Melissa Clark adjusts Amy Cook’s tassel as Eastern New Mexico University-Roswell Adult Basic Education graduates wait outside to enter the Performing Arts Center for commencement ceremonies, Thursday evening. (Mark Wilson Photo)
Cheers and shouts came from ecstatic friends and family of 64 GED graduates who received their high school equivalent certificates Thursday from ENMU-R’s Adult Basic Education Department at the 24th annual GED High School Completion ceremony.
The GED program allows individuals to take General Education Development tests to demonstrate a high school equivalent level of knowledge, and the program has helped open opportunities for more than 10 million adults since 1942.
This year’s speakers focused largely on the importance of [auth] constructing a strong foundation in order to build a successful future.
“The meaning of foundation is the basis or groundwork of anything,” said student speaker James Kelly, who was inspired and motivated to receive his GED after his son was born. For him, the GED is a starting point for a better future.
“We have started to build our foundation with obtaining our GED,” he continued. “Getting your GED is a great way to start building that foundation, but it shouldn’t stop there.”
Kelly also spoke about the importance of not only an academic foundation, but of the importance in having character.
“Another thought on foundation comes from one of our past presidents, Calvin Coolidge, and he said, ‘Character is the only secure foundation,’” Kelly said. “See, character must be the foundation that we build upon because knowledge without character is useless.”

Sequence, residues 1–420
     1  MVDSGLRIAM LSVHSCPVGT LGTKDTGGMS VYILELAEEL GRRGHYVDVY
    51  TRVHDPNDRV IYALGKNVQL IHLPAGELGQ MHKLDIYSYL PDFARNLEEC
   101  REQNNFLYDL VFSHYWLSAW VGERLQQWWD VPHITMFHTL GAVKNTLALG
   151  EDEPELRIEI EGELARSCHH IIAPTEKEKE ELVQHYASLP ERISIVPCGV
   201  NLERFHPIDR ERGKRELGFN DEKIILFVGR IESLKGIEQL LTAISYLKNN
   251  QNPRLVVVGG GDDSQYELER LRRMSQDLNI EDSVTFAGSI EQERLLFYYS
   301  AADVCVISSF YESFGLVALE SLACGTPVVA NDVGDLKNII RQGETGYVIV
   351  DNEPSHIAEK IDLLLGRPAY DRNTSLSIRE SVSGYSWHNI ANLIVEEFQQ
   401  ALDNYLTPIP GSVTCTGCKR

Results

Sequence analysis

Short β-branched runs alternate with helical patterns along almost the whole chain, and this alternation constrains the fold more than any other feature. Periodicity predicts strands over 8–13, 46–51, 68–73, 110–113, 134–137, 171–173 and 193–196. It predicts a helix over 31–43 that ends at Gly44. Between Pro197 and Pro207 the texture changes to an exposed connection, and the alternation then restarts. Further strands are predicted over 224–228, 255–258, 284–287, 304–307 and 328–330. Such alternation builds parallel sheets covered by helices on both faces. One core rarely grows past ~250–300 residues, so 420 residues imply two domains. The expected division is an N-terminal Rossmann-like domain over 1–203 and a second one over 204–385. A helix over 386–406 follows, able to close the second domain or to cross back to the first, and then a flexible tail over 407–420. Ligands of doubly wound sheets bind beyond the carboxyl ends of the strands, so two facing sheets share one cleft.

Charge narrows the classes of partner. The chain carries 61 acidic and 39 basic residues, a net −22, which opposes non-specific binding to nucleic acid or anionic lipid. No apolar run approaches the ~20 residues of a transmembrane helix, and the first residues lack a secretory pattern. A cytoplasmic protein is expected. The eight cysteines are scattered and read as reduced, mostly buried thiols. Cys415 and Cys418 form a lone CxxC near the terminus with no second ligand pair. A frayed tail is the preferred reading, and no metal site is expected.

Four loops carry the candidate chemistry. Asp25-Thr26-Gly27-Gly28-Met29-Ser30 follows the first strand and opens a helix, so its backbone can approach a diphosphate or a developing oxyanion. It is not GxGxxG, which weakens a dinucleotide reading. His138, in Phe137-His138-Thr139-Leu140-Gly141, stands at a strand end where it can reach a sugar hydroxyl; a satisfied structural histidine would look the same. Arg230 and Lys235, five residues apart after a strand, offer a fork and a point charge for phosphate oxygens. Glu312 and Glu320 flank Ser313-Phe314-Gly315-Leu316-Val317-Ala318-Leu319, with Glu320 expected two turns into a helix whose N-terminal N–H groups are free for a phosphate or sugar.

Guest speaker Brad McGrath continued on the theme of a foundation.
“For all of you tonight, the GED is as much as you want it to be,” McGrath told the graduates. “Really, it’s a key … now it’s up to you to take that key, and do whatever you want with it. Open that door, and once you open that door there’s just a huge amount of opportunity waiting for you.”
A GED graduate himself, McGrath went on to earn a bachelor’s degree in industrial and labor relations from Cornell University and a law degree from the University of Oregon School of Law. He is currently the chief facilities officer for the Department of Health in New Mexico.
His life is living testament to his statement that a GED is merely a building block for a better future.
“It’s amazing how far you can go with a GED,” McGrath said.
The students proudly smiled out at the supportive audience as they each received their “key” to new opportunities.
As Kelly put it, “Everything we want is in front of us, all we have to do is take it.”